The EU is often criticized for its democratic deficit – this in spite of the fact that all five key EU institutions are held either directly or indirectly accountable to voters (Parliament is elected, the European Council and the Council of Ministers are run by elected government leaders, and the leaders of the Commission and Court of Justice are appointed by the governments of the member states). Far more informative as a route to understanding the EU is the knowledge deficit. Put simply, most Europeans know and understand little about how the EU works.
Much the same could be said about their knowledge of their own home governments, and the complaints about how little citizens know of public affairs date back at least to the ancient Greeks. It was Winston Churchill, after all, who said that the best argument against democracy was a five minute conversation with the average voter. But while the problem is bad enough at the national level, it is worse at the EU level, opening the door wide for myths and misconceptions to creep in. And, most ironic of all, the EU is routinely criticized for its elitism, and yet the average European has so little independent knowledge of the EU that they open themselves up to manipulation by political leaders, parties, the media, and interest groups: the very elites against which they rail in the first place.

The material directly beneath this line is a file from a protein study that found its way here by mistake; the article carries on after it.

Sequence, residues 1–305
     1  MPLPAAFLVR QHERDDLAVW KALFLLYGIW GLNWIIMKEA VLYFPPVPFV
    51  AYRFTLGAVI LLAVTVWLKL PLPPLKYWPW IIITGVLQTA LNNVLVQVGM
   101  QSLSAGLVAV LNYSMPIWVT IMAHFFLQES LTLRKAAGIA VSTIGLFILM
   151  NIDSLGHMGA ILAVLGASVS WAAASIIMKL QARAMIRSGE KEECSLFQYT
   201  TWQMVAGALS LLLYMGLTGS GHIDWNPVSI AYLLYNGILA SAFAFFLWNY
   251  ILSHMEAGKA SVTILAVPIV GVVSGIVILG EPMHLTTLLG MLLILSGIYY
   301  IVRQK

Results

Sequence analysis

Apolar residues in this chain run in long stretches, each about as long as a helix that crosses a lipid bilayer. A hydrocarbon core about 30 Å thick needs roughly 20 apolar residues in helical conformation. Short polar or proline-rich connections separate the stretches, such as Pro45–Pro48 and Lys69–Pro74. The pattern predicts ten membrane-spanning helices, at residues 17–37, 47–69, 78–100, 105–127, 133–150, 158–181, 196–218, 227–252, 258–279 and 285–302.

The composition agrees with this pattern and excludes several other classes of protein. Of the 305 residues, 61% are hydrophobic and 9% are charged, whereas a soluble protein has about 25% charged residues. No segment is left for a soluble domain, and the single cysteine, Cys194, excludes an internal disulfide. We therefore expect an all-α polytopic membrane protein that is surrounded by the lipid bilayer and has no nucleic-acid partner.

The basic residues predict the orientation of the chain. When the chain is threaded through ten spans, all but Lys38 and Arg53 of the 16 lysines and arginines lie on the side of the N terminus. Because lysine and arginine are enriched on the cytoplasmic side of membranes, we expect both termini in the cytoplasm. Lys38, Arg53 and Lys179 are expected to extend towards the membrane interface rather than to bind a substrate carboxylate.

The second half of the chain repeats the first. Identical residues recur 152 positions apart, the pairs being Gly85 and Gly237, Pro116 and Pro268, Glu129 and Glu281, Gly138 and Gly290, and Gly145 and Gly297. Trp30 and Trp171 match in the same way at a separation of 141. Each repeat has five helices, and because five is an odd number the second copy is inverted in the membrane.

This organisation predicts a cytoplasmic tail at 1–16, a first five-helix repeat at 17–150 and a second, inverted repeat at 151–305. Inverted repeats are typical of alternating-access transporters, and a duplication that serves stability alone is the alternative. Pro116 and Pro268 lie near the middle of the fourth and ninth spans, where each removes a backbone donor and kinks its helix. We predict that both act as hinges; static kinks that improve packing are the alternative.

There can be no sensible or reasonably informed debate about the EU – or certainly no debate that is not dominated by political and special interests – until European citizens learn about the EU, arm themselves against narrow agendas, and have their own independent views on the EU. Problem is, how do we make that happen?